Project description:Neurofibrillary tangles (NFTs) are hallmarks of Alzheimer's disease (AD). The main component of NFTs is TAU, a highly soluble microtubule-associated protein. However, when TAU is cleaved at Asp421 by caspases it becomes prone to aggregation leading to NFTs. What triggers caspase activation resulting in TAU cleavage remains unclear. We investigated in rat cortical neurons a potential coordination between proteasome impairment and caspase activation. We demonstrate that upon proteasome inhibition, the early accumulation of detergent-soluble ubiquitinated (SUb) proteins paves the way to caspase activation and TAU pathology. This occurs with two drugs that inhibit the proteasome by different means: the product of inflammation prostaglandin J2 (PGJ2) and epoxomicin. Our results pinpoint a critical early event, that is, the buildup of SUb proteins that contributes to caspase activation, TAU cleavage, TAU/Ub-protein aggregation and neuronal death. Furthermore, to our knowledge, we are the first to demonstrate that elevating cAMP in neurons with dibutyryl-cAMP (db-cAMP) or the lipophilic peptide PACAP27 prevents/diminishes caspase activation, TAU cleavage and neuronal death induced by PGJ2, as long as these PGJ2-induced changes are moderate. db-cAMP also stimulated proteasomes, and mitigated proteasome inhibition induced by PGJ2. We propose that targeting cAMP/PKA to boost proteasome activity in a sustainable manner could offer an effective approach to avoid early accumulation of SUb proteins and later caspase activation, and TAU cleavage, possibly preventing/delaying AD neurodegeneration.
Project description:Previous studies have demonstrated that the antitumor potential of IU1 (a pharmacological compound), which was mediated by selective inhibition of proteasome-associated deubiquitinase ubiquitin-specific protease 14 (USP14). However, the underlying molecular mechanisms remain elusive. It has been well established that mdm2 (Murine double minute 2) gene was amplified and/or overexpressed in a variety of human neoplasms, including cervical cancer. Furthermore, MDM2 is critical to cervical cancer development and progression. Relatively studies have reported that USP15 and USP7 stabilized MDM2 protein levels by removing its ubiquitin chain. In the current study, we studied the cell proliferation status after IU1 treatment and the USP14-MDM2 protein interaction in cervical cancer cells. This study experimentally revealed that IU1 treatment reduced MDM2 protein expression in HeLa cervical cancer cells, along with the activation of autophagy-lysosomal protein degradation and promotion of ubiquitin-proteasome system (UPS) function, thereby blocked G0/G1 to S phase transition, decreased cell growth and triggered cell apoptosis. Thus, these results indicate that IU1 treatment simultaneously targets two major intracellular protein degradation systems, ubiquitin-proteasome and autophagy-lysosome systems, which leads to MDM2 degradation and contributes to the antitumor effect of IU1.
Project description:Ubiquitin (Ub) conjugation is initiated by an E1 enzyme that catalyzes carboxy-terminal Ub adenylation, thioester bond formation to a catalytic cysteine in the E1 Cys domain, and thioester transfer to a catalytic cysteine in E2 conjugating enzymes. How the E1 and E2 active sites come together during thioester transfer and how Ub E1 interacts with diverse Ub E2s remains unclear. Here we present a crystal structure of a Ub E1-E2(Ubc4)/Ub/ATP·Mg complex that was stabilized by induction of a disulfide bond between the E1 and E2 active sites. The structure reveals combinatorial recognition of the E2 by the E1 ubiquitin-fold domain (UFD) and Cys domain and mutational analysis, coupled with thioester transfer assays with E1, Ubc4, and other Ub E2s, show that both interfaces are important for thioester transfer. Comparison to a Ub E1/Ub/ATP·Mg structure reveals conformational changes in the E1 that bring the E1 and E2 active sites together.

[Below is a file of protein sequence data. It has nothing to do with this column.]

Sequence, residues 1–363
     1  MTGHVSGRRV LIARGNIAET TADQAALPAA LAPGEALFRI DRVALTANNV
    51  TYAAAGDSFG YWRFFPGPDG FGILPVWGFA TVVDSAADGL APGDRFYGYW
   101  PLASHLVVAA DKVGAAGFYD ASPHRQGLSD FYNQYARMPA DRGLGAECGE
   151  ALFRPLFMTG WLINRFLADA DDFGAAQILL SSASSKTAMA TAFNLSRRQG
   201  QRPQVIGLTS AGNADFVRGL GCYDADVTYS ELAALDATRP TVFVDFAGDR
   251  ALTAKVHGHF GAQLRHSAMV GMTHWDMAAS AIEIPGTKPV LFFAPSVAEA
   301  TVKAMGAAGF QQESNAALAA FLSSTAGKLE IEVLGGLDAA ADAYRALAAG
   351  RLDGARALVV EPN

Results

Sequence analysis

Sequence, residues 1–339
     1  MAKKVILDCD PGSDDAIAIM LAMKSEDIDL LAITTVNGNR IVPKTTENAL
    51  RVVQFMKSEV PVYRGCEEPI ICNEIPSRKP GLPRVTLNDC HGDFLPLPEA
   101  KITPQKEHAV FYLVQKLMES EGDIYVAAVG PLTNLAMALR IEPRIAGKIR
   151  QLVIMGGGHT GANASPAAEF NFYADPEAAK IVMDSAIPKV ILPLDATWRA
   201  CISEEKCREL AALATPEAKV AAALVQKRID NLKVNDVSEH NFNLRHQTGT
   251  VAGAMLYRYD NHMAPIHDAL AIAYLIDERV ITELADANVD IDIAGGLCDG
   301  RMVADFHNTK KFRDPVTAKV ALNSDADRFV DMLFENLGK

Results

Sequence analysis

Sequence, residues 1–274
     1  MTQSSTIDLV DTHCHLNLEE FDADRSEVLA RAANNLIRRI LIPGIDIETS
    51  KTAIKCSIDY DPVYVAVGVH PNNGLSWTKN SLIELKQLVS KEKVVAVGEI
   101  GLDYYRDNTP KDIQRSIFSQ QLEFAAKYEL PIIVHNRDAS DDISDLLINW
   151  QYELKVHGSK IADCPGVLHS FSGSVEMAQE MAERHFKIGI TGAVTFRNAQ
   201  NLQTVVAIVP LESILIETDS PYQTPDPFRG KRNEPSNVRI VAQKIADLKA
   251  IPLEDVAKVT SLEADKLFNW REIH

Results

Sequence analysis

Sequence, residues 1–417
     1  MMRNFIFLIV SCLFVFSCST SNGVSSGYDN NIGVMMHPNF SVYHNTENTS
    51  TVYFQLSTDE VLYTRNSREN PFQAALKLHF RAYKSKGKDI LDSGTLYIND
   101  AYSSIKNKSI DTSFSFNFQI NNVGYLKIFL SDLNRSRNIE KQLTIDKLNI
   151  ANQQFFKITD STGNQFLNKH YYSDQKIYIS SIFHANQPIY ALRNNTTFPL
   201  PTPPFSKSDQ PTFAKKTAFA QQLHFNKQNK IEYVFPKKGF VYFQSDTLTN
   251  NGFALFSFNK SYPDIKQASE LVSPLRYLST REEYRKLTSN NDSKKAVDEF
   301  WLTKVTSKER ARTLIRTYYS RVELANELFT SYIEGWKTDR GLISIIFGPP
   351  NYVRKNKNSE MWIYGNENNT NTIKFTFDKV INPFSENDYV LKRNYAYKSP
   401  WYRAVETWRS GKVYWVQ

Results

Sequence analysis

Project description:The ubiquitin (Ub) and Ub-like (Ubl) protein-conjugation cascade is initiated by E1 enzymes that catalyze Ub/Ubl activation through C-terminal adenylation, thioester bond formation with an E1 catalytic cysteine, and thioester bond transfer to Ub/Ubl E2 conjugating enzymes. Each of these reactions is accompanied by conformational changes of the E1 domain that contains the catalytic cysteine (Cys domain). Open conformations of the Cys domain are associated with adenylation and thioester transfer to E2s, while a closed conformation is associated with pyrophosphate release and thioester bond formation. Several structures are available for Ub E1s, but none has been reported in the open state before pyrophosphate release or in the closed state. Here, we describe the structures of Schizosaccharomyces pombe Ub E1 in these two states, captured using semisynthetic Ub probes. In the first, with a Ub-adenylate mimetic (Ub-AMSN) bound, the E1 is in an open conformation before release of pyrophosphate. In the second, with a Ub-vinylsulfonamide (Ub-AVSN) bound covalently to the catalytic cysteine, the E1 is in a closed conformation required for thioester bond formation. These structures provide further insight into Ub E1 adenylation and thioester bond formation. Conformational changes that accompany Cys-domain rotation are conserved for SUMO and Ub E1s, but changes in Ub E1 involve additional surfaces as mutational and biochemical analysis of residues within these surfaces alter Ub E1 activities.